How this year's draft class can help your fantasy team
Posted: Sunday April 24, 2005 10:44PM; Updated: Sunday April 24, 2005 10:44PM
Ronnie Brown appears to have landed in a prime situation to put up big stats right away.
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As if many fantasy football players hadn't already started looking forward to the 2005 season, this weekend's draft definitely puts the wheels in motion. The influx of new talent always brings feelings of both anxiousness of the unknown yet hope that there could be magic in these freshly minted rookies.
The top of this year's draft definitely has fantasy owners buzzing, given all the skill position players taken by teams that appear to have starting jobs available for them. For many fantasy players, it's as much the opportunities available as the talent that makes the draftees so enticing. However, you can never be sure who will get chances at any point. (How many of you thought Ben Roethlisberger would start as many games as he did last year?)
Still, it's fun to project what the draftees what might do what in their rookie years. Unless you're in a deep keeper league, you're not necessarily relying on these guys to carry your team, but it's nice if they do since you feel that you got in on the ground floor. And remember, it's not always the first-round picks or even first-day who do the most damage -- second-round picks Julius Jones and Keary Colbert had solid seasons in 2004, while fourth-rounder Mewelde Moore was a hot commodity for a few weeks last season.
So here is my rough ranking of the top 30 offensive rookies you might want to target at your fantasy draft. The earlier picks are better bets to produce this year, while later picks are better for keeper leagues and very deep leagues (usually more than 14 teams). Sure, many people say you really can't judge a draft class until at least three or four years down the line. But you want to win your fantasy league now.
1. Ronnie Brown, RB, Dolphins (1st round, No. 2 overall): He didn't start at Auburn last year, but he did more than enough to deserve the No. 2 overall pick. He appears to be the complete package running and catching the ball, and as long as Ricky Williams doesn't return, Brown looks to be the main man and should put up big stats right away. He has the best opportunity to start right away, compared to fellow top-fivers Cedric Benson and Carnell Williams.
2. Cedric Benson, RB, Bears (1st round, No. 4 overall): Chicago keeps on swinging at top running backs, going with Thomas Jones last year, who did have his moments. Maybe now they've found something in Benson, who, whether he likes it or not, is a lot like Ricky Williams -- a bruising workhorse from Texas. Benson is a guy you can give the ball early and often. Plus, he appears to be a stud in the red zone, which is very helpful for fantasy owners.
3. Carnell Williams, RB, Buccaneers (1st round, No. 5 overall): Brown was the higher pick, but the Cadillac was the main man at Auburn for most of his career. Williams has the overall skills to be a star in the league, and right now his competition is the oft-injured Charlie Garner and the sometimes troubled Michael Pittman. Both Benson and Williams have some work ahead of them to grab a starting job, but they both have the upside to shine.
4. Braylon Edwards, WR, Browns (1st round, No. 3 overall): I used to like Cleveland's receiving corps before realizing it was just a bunch of decent No. 2 and 3 guys instead a collection of No. 1s and a couple of 2s. Now they appear to have a true No. 1 in the former Michigan star. If they can figure out who can get him the ball, he could add nice depth to a fantasy receiving corps.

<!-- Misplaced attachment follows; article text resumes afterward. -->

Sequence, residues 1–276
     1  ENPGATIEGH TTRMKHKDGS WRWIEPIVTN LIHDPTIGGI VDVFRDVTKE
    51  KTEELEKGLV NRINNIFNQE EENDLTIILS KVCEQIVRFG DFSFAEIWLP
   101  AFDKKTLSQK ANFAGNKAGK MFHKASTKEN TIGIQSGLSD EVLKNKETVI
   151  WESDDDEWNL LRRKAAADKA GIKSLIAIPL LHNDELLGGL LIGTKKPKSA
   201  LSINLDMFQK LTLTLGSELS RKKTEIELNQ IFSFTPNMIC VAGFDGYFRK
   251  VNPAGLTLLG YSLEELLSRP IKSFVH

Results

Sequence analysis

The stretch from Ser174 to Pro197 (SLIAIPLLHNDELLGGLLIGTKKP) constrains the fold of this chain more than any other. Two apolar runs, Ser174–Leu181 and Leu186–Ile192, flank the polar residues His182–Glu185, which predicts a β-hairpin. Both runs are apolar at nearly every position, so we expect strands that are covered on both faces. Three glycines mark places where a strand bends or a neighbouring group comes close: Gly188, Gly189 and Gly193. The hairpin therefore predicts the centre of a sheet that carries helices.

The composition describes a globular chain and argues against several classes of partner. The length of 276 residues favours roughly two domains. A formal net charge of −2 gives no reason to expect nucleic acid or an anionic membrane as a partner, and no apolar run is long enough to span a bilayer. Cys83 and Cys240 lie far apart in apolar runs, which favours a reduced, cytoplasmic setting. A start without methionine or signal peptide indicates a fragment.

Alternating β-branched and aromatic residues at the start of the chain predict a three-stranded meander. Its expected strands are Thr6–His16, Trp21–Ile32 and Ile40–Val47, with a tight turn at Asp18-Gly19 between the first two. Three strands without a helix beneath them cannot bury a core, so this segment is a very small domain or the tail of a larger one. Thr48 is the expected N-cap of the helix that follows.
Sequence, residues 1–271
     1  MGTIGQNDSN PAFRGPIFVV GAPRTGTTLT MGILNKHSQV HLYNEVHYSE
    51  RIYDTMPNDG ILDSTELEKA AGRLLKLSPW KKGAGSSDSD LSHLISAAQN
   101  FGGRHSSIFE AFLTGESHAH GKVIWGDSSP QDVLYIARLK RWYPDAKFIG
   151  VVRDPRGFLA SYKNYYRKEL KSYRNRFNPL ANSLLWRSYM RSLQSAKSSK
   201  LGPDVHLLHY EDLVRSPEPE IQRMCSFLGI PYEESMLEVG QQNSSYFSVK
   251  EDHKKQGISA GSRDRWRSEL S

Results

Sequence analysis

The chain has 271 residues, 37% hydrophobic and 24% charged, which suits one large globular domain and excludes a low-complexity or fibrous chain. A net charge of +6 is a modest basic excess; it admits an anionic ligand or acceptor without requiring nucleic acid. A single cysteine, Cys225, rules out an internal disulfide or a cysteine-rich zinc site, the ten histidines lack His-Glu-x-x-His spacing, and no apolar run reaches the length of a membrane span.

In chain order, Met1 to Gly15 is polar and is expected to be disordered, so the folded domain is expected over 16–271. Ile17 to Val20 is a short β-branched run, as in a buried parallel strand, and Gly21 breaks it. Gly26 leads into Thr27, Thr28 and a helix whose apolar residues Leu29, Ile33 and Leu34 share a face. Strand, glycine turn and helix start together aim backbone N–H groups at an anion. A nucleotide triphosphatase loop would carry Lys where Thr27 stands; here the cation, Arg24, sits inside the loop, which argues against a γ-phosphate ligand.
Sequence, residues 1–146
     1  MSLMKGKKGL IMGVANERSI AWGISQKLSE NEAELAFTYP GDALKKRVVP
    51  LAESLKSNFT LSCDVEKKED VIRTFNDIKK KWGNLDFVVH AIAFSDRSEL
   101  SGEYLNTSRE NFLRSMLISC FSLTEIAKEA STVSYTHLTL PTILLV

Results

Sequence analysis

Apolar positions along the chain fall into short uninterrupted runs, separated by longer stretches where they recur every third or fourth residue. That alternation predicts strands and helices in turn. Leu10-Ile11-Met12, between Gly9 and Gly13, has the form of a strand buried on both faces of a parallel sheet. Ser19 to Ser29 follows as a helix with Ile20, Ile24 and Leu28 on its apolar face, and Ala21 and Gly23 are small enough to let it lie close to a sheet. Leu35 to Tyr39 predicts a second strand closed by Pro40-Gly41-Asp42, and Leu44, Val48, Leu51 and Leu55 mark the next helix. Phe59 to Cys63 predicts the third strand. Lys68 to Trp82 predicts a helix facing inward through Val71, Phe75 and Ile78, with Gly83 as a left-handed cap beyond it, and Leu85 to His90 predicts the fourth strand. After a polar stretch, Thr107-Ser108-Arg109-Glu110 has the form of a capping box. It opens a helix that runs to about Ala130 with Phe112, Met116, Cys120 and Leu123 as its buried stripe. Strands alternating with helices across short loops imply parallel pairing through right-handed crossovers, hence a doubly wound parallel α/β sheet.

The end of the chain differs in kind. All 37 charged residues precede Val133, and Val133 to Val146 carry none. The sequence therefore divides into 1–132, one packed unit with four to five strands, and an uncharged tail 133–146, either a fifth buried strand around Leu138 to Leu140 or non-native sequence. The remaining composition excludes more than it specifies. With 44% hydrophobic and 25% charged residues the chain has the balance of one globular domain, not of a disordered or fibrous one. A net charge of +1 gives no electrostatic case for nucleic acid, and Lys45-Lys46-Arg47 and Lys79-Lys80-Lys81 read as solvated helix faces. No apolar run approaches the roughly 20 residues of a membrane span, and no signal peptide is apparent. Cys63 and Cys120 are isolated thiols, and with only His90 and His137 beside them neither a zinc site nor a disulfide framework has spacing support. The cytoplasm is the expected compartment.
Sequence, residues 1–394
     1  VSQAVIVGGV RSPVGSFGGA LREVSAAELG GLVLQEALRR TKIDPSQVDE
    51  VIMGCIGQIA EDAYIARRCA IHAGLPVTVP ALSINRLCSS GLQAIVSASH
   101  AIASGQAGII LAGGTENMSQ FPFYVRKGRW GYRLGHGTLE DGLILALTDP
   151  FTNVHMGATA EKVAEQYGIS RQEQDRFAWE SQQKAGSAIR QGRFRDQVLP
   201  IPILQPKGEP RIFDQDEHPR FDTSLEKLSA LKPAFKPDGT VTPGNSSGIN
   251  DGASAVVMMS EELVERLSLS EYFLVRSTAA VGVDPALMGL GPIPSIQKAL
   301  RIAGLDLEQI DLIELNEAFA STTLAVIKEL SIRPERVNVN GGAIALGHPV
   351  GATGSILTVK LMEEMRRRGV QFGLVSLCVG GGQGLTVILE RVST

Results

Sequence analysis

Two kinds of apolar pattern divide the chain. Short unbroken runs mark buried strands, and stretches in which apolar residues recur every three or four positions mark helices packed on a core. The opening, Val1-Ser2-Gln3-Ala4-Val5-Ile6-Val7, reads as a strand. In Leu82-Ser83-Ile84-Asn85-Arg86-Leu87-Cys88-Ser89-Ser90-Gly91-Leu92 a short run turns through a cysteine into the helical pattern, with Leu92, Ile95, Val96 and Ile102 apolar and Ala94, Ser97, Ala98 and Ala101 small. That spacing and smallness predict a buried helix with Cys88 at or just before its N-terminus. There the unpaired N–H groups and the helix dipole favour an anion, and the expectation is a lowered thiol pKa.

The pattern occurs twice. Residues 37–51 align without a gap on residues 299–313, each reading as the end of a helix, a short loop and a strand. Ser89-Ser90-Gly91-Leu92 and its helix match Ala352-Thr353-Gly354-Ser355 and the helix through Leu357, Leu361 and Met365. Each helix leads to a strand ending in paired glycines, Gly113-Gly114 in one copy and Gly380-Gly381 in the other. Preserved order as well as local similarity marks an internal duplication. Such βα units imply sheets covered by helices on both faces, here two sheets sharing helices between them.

5. Mike Williams, WR, Lions (1st round, No. 10 overall): More than a few people wonder if Matt Millen is putting together his own fantasy team by taking his third wideout in the top 10 in as many years. He's a nice fit for the offense and should be a good red-zone threat, but you've got to wonder how many balls can go around among Williams, last year's first-rounder Roy Williams, oft-injured Charles Rogers, plus running back Kevin Jones, who shined at the end of last year, and even ex-Colts tight end Marcus Pollard.
6. Alex Smith, QB, 49ers (1st round, No. 1 overall): He's got the skills you want in a quarterback, and it appears that he could be the starter on opening day, but given the lack of weapons around him, it's hard to believe he'll put up consistent numbers this year. He does have some running ability that could mean a few extra points. It's hard to get really excited about any rookie QB. Remember, Roethlisberger was not much better than a No. 2 QB in fantasy circles last year.
7. Mark Clayton, WR, Ravens (1st round, No. 22 overall): Baltimore may actually have some semblance of a passing game with the addition of Derrick Mason plus Clayton to go with Todd Heap. Mason and Heap are going to get the bulk of catches, but Clayton should make some noise too.
8. J.J. Arrington, RB, Cardinals (2nd round, No. 44 overall): Arizona decided not to trade for Travis Henry and was shut out of guys like Brown, Williams and Benson. So instead, they get a 2,000-yard rusher in Arrington in the second round, and he could step in and put up nice numbers should he win the starting job. The production is there, the question is can he supplant Marcel Shipp?
9. Reggie Brown, WR, Eagles (2nd round, No. 35 overall): Terrell Owens is griping about his contract. Freddie Mitchell may have talked his way out of town. Todd Pinkston is mediocre. That means the former Georgia star Brown (not to mention Greg Lewis, who shined late in the year) could see considerable action and get his share of catches from Donovan McNabb. It took a while for McNabb to find a No. 1 target; maybe he now actually has a real No. 2.